John Cena arrived early and left late, to the enjoyment of adoring supporters at the Ultimate Card and Comic Universe at 12-60 150th St., only hours before he was scheduled to appear at the Nassau County Coliseum. The performer for World Wrestling Entertainment signed autographs and spoke briefly to as many as 1,000 fans thrilled to have met him, the store owner said."It was the experience of a lifetime," said teenager Felix Bones of Flushing, who chatted a bit with the pumped-up wrestler and rapper. Bones saw him on a cable program recently with a woman wrestler, and used that as a conversation starter. "I reminded him he kissed a girl on Raw, and he said 'It's all good,'" the 17-year-old said, with a grin.Cena is a member of a pantheon of wrestlers from the WWE league. Each man, and several women, conform to one of a variety of personalities spanning extremes of good and evil. Cena's personality falls somewhere in the middle as an urban hip-hopper who is tough in the ring but friendly outside. He traveled to India recently in a publicity tour for the league.The owner of the store, which is changing its name to The Wrestling Universe, said the event was a success. Jack Balian resorted to youthful language to describe the crowd that waited in a line stretching around the block outside his store."It was sick, it was absolutely sick," he said.Fans lingering in the store after the signing explained why Cena was a crowd favorite. Sadman Islam, 14, from Astoria, said he liked the wrestler because he rose to the top through hard work.He liked him "not because he is champion but because he is still rising and is part of a new generation," he said.Naziat Habib, 16, from Richmond Hill described him as "a people's champion."The only disappointment in the event seemed to be the price tag. The store charged a flat fee to have an item signed, either supplied by the store or brought by a fan."It was a little expensive at $30," said Lee Chrysafis, 22, who traveled from Fresh Meadows with his girlfriend's 10-year-old brother, who gleefully clutched a framed portrait - signed - of the star. But the young boy thought it was worth every penny."It was crazy," Paul Bucaria said. "He said hi and shook my hand."Reach reporter Adam Pincus by e-mail at news@times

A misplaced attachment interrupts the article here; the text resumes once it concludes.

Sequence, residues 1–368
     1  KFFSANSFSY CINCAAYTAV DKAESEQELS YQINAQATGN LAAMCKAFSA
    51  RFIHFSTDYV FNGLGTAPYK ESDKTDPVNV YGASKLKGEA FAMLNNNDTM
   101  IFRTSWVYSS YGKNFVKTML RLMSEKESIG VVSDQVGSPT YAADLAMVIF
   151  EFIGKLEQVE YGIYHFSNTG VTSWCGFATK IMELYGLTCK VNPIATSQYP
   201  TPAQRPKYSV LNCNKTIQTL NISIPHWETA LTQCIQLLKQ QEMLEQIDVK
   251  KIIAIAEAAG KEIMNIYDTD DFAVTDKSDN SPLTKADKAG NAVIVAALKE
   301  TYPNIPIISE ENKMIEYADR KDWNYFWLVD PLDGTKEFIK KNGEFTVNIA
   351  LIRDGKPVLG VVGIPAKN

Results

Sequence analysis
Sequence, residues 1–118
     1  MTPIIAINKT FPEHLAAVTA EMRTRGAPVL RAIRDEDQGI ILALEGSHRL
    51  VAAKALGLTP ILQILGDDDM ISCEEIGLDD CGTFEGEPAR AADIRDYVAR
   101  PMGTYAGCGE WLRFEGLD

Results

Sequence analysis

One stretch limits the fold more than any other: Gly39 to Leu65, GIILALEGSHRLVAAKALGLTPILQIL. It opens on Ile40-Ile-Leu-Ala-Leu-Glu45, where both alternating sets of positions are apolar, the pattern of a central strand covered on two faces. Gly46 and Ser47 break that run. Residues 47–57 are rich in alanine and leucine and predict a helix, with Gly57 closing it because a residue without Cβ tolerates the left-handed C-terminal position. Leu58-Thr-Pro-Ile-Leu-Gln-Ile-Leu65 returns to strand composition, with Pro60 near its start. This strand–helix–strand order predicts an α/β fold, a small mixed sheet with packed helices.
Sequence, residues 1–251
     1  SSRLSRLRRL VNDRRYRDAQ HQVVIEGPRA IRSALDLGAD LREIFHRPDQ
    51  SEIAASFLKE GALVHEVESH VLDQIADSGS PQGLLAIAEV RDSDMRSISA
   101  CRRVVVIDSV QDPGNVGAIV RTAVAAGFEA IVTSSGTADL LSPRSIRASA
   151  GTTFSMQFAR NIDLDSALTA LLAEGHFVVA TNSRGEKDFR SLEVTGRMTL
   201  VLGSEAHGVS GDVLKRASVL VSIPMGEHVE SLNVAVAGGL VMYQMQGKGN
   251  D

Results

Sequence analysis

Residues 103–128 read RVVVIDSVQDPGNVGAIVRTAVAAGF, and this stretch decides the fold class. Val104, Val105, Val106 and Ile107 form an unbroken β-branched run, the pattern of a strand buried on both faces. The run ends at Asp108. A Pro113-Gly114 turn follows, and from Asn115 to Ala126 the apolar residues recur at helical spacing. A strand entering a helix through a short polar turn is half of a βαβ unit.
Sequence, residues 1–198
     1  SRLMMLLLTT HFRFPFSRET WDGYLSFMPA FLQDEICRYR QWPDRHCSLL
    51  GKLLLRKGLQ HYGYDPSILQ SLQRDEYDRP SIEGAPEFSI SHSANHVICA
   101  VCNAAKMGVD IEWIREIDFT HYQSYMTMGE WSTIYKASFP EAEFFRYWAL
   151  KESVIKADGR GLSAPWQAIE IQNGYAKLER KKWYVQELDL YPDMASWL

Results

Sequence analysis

©2006 Community News Group
By submitting this comment, you agree to the following terms:
You agree that you, and not TimesLedger.com or its affiliates, are fully responsible for the content that you post. You agree not to post any abusive, obscene, vulgar, slanderous, hateful, threatening or sexually-oriented material or any material that may violate applicable law; doing so may lead to the removal of your post and to your being permanently banned from posting to the site. You grant to TimesLedger.com the royalty-free, irrevocable, perpetual and fully sublicensable license to use, reproduce, modify, adapt, publish, translate, create derivative works from, distribute, perform and display such content in whole or in part world-wide and to incorporate it in other works in any form, media or technology now known or later developed.